This kick off with a contemplative mood, on Follies & Vices’ song “Red Wine.” But the Seattle band, now living in the City of Angeles, quickly picks it up. You'll probably notice your head nodding from the start gate right to the finish line. Essentially, Rob Auerbach and Tanner Houghton have dropped an action-packed song that’s staged-managed to perfection. There’s a lot of meat to it. You picture the blinding sun almost bringing them to tears. Because the lyrics touch on a difficult situation. “It felt like love,” you hear. “And I think I’ve had enough.” The questioning, the frustration, the laments. It’s all so disheartening. Or at least that’s what you would think if you just read the liner notes. In fact, the song just sounds fun and hopeful. It’s a pop number with a lot of energy.
And btw. It’s a big win on the kid vocal snippet. Plus the muffled attack that follows is only marginally so. The song lets the guitar run of into excess. But even that fits neatly between the raucous body of the track and the final chorus, which functions almost as a fade out.
I’m just left with one question…
Why did they decided to write a kind of tragic song that leaves you feeling so damn good?
The only thing we can figure is they want us all to remember life is for living, and that you should have fun even in your failures.
Listen to "Red Wine" here, and learn more about Follies & Vices in our interview below!
What made you pull the trigger on the move from Seattle to LA?
When we got started with this version of the project in mid-2017, we were huddled away in Seattle writing and producing in solitude. After finishing three demos that we were proud of, we sent them out to producers and one of them invited us to his studio in LA to record for a week. As they shopped us to major labels we felt like it would be best for us to make a permanent move here.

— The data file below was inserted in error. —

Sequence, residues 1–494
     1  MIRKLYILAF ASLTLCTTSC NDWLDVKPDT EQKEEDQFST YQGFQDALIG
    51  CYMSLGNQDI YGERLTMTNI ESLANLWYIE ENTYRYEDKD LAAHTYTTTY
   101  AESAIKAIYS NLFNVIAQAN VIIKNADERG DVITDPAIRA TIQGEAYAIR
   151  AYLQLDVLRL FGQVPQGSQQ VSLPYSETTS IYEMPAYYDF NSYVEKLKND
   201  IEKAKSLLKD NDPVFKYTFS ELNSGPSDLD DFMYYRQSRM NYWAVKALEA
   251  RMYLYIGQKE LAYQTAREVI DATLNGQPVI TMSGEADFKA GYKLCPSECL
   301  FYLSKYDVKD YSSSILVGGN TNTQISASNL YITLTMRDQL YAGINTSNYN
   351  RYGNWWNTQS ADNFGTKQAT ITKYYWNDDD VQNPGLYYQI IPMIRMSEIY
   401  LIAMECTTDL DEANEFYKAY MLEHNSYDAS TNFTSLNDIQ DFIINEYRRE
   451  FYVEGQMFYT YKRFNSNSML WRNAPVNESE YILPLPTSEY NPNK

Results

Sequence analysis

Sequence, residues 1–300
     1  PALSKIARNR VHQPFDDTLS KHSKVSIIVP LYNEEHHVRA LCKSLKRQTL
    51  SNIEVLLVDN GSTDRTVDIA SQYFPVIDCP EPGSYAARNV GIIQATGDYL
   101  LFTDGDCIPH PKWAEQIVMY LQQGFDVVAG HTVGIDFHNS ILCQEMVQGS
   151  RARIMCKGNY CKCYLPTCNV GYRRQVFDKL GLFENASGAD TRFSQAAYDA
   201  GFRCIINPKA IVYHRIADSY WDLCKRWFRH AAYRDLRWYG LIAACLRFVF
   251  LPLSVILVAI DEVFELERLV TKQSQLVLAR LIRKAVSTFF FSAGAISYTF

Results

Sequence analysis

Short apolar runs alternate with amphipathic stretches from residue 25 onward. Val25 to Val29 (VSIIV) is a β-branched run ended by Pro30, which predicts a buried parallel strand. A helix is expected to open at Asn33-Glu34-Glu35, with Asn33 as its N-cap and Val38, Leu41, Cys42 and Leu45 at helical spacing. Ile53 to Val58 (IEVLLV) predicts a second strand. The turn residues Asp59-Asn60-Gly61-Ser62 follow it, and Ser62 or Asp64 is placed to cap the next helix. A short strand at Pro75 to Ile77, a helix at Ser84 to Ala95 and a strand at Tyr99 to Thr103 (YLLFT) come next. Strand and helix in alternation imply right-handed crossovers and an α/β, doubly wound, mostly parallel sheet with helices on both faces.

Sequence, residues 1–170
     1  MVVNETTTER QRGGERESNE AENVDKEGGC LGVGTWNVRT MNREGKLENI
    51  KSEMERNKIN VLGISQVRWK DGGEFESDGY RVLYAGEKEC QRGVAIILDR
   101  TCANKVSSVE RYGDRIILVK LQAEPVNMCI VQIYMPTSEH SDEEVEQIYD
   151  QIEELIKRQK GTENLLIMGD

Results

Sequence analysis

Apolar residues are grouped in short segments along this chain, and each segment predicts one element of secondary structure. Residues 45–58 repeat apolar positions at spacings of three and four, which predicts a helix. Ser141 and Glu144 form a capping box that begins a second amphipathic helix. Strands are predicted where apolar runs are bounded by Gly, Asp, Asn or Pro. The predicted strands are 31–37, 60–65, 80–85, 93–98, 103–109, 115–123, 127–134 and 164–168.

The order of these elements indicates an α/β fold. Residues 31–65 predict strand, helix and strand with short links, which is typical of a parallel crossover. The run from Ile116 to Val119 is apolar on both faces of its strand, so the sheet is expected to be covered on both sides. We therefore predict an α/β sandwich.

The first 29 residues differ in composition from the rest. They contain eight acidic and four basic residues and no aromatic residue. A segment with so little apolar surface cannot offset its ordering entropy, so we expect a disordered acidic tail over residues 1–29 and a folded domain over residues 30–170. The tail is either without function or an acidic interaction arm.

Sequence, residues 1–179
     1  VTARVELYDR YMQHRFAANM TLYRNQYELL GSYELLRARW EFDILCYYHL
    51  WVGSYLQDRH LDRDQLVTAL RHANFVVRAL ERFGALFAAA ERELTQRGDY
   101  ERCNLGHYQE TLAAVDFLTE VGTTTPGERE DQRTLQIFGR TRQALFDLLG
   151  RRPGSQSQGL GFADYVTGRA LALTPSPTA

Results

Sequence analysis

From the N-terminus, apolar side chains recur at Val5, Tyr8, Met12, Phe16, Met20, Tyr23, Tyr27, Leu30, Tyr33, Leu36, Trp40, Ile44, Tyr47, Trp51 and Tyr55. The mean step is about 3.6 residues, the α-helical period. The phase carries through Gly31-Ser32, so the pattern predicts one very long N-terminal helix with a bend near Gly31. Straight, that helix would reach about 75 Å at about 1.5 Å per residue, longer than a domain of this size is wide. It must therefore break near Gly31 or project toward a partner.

Have you been touring, and if so what’s that been like?
We haven’t toured on this material yet, but we would like to as soon as the opportunity presents itself. Last year we mainly focused on getting better at writing and producing so that we can have a body of work out that we really believe in.
Who is the yin and who is the yang?
I think that Tanner is the yin and I (Rob) am the yang. Early on, I noticed that some of Tanner’s demo lyrics had a nihilistic undertone with no positive twist or ending, and I would always try to convince him to write something a little more inspirational. I also had a tendency to write celebratory sounding instrumentals and he would tell me they sound too cheesy.
What’s up with how Red Wine sounds super positive, even though the song itself is kinda sad?
It mainly has to do with the separate roles we play in the project. I listen to a lot of dance music and my role in the band is to write and produce the instrumentals, so I made what I wanted to hear. Tanner’s role is to write the lyrics, so he wrote about a difficult situation he was going through as a means of catharsis. If Tanner was writing the instrumental, the beat probably would have matched the underlying tone of the lyrics.
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